Garden H2O Timer

Triple Zone Water Timer for your Garden

Geoff Cohen

Issue 31, February 2020

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Keep your garden watered with this fully automatic, Arduino based garden timer with touchscreen control and easy operation (no manual required).


As we continue to get less rain and more hot days every year, I’m reducing my impact on our planet by minimising water usage, without killing our garden. The best way I’ve found is a fully automatic watering system, using drippers or low volume micro sprays for all our plants (grass has to fend for itself).

However, setting up/programming and using these timers is difficult, tedious and usually quite arcane, and just about impossible without the manual (which has usually burrowed under stuff and hidden itself).

My DIYODE H2O Timer project shows this is unnecessary - it doesn’t need a manual, uses readily available parts and is easy to set up and Run. If you can use an iPad or iPhone or an Android, you can use this Timer.


The DIYODE H2O Timer is made up of several readily available and inexpensive modules – an Arduino compatible Mega, a plugin Prototype Shield, WiFI and RTC, plus a plugin 2.8” TFT colour Touchscreen for display and control, with a fully 3D printed case. The only other parts needed are three MOSFETs, a regulator, and a few resistors and capacitors.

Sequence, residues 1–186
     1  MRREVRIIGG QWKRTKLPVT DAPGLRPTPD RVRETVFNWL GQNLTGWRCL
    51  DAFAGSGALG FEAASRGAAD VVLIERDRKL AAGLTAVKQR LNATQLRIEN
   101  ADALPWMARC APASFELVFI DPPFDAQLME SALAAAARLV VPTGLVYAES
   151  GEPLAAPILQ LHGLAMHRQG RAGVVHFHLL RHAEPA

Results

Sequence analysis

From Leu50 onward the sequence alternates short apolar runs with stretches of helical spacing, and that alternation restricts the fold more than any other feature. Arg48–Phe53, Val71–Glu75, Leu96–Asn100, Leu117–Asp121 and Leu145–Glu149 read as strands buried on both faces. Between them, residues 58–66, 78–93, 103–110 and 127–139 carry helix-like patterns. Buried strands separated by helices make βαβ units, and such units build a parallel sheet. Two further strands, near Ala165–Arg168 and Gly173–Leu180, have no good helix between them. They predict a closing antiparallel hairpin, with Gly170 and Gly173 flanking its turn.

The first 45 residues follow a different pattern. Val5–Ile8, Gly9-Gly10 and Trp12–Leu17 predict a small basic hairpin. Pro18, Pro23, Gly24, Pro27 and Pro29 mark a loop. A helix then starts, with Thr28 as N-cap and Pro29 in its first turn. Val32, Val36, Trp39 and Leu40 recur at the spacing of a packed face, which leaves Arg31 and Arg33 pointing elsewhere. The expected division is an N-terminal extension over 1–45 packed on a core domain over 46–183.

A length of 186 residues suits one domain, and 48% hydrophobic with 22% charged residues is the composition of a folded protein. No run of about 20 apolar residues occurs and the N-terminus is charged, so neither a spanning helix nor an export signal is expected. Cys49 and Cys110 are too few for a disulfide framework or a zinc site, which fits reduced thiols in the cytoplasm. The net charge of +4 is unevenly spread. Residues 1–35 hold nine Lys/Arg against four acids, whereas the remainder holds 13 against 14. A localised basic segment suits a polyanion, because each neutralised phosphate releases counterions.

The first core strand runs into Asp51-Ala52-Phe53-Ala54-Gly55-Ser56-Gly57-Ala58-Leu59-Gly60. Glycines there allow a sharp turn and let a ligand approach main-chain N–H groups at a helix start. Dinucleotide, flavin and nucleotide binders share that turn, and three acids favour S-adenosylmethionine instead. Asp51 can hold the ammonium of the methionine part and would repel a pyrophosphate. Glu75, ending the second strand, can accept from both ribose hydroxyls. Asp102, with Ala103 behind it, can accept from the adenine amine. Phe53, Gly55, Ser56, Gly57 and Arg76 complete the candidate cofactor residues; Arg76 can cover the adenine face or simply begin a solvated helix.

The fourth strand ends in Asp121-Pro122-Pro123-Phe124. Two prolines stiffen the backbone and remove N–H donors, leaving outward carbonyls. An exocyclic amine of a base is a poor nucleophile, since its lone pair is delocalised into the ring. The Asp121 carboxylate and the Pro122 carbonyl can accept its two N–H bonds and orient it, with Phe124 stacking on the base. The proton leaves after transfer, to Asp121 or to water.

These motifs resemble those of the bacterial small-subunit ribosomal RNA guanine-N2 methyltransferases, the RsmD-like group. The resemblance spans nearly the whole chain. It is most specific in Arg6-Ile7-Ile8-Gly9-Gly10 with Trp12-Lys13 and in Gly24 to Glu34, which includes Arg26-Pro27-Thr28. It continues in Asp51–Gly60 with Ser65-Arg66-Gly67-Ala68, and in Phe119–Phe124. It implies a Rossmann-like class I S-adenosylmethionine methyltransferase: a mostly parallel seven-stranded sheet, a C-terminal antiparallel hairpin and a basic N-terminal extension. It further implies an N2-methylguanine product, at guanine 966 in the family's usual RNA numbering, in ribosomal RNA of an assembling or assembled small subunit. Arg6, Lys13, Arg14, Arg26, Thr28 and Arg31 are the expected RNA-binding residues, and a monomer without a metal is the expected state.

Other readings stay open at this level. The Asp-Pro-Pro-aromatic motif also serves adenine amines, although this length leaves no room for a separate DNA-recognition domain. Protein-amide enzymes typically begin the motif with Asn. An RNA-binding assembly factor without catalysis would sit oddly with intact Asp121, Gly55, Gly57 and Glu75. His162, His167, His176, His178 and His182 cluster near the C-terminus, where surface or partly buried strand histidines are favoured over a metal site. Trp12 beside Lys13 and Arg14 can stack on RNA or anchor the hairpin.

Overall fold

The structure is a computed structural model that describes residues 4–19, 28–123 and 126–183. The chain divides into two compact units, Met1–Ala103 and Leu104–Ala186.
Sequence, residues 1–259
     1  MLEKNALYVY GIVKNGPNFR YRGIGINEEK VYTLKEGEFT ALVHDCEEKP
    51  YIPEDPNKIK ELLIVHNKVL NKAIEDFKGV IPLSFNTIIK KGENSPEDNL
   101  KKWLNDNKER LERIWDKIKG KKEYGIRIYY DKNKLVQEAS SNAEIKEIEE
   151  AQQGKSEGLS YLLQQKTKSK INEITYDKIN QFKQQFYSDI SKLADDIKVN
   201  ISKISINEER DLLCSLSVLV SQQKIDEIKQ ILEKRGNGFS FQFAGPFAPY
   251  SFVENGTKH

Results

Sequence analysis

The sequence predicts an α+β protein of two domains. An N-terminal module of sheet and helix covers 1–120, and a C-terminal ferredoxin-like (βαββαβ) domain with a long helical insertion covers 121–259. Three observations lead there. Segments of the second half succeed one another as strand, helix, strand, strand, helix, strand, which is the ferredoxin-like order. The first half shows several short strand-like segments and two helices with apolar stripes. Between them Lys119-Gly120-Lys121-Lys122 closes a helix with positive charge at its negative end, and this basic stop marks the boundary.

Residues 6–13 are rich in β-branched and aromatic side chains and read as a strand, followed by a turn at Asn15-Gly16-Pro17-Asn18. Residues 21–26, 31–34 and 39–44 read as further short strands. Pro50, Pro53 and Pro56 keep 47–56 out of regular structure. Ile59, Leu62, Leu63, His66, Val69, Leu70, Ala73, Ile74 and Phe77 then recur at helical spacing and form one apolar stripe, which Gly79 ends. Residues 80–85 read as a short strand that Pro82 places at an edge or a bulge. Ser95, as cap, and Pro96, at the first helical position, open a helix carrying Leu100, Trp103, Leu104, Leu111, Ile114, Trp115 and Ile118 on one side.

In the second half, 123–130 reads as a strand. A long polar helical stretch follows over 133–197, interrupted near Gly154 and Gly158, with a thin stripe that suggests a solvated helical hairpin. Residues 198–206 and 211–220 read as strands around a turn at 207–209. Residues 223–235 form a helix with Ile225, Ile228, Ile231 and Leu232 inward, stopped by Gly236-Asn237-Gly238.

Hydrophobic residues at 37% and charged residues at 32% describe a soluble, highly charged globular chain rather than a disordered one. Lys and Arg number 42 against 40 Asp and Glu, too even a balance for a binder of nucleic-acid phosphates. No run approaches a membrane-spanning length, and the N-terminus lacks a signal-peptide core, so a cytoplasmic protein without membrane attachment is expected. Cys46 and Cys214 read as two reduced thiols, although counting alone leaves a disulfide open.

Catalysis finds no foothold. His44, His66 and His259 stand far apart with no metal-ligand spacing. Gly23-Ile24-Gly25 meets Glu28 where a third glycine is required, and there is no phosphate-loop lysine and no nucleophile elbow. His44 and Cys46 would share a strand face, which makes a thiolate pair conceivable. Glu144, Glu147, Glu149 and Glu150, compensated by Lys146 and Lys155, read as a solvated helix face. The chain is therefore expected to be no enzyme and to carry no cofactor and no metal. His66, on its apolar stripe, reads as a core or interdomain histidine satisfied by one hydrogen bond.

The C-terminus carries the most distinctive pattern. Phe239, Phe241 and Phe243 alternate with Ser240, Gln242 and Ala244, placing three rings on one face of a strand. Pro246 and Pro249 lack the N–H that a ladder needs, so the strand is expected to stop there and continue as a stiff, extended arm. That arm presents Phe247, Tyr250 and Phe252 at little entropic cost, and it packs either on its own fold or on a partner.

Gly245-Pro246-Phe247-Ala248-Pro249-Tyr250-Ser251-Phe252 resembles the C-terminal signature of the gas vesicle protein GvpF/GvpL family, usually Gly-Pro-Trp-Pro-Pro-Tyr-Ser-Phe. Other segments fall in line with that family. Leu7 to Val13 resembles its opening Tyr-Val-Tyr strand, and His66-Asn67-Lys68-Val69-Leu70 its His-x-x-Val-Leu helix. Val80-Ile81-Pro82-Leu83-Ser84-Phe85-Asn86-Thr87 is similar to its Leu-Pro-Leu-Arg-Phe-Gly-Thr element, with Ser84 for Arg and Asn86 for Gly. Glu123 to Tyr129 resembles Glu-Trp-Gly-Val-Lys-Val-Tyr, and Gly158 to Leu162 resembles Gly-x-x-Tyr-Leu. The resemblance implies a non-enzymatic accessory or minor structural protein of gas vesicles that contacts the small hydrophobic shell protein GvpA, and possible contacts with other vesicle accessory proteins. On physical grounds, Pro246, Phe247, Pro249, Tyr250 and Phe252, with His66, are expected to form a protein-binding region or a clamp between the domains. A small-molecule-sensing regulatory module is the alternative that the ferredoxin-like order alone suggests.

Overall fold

The H2O Timer runs from any regulated 12V power adaptor (2A or higher). The 12V is reduced to approximately 7.2V by diodes D1 to D6 to power the Arduino and backlight control. The voltage is reduced to keep the Arduino’s 5V regulator reasonably cool, otherwise, at the 12V input, it gets extremely hot (nearly 50°C), which is definitely not recommended for maximum life.


The three solenoids are powered directly from the 12V input and controlled by MOSFETs Q1 to Q3. Their gate inputs are driven directly from the Arduino digital output pins, via 100Ω resistors R1, R2, R3, with back EMF (spike) protection provided by diodes D7, D8, and D9. These solenoids are designed for 24VAC, but all the ones I have used run reliably on 12VDC, drawing around 1A to 2A each.


As you would expect with a timer, knowing the exact time is crucial and a tiny RTC (Real Time Clock) I2C module provides accurate time. It uses a DS1307 RTC chip and communicates with the Arduino via the I2C protocol.

I found two problems with this inexpensive module. Firstly, the module I purchased from Jaycar included a standard, non-rechargeable 3V CR2032, however, this module is designed for a rechargeable (4V) LIR2032. This mismatch results in the 3V battery being charged to 4.5V, which is definitely not recommended. Fortunately, the high internal resistance of the CR2032 prevents any overheating. The solution is simple; replace the CR2032 with the correct rechargeable LIR2032 or unsolder R5, D1, R4, and R6 then replace R6 with a jumper wire. The second option is only recommended if you can desolder SMD components.

Note: If you remove these components you also need to change variable LIR2032 rechargeable in DIYODE-H2O-Timer.ino from true to false to get an accurate voltage reading, due to the R4/R6 voltage divider being removed – it is near line 50.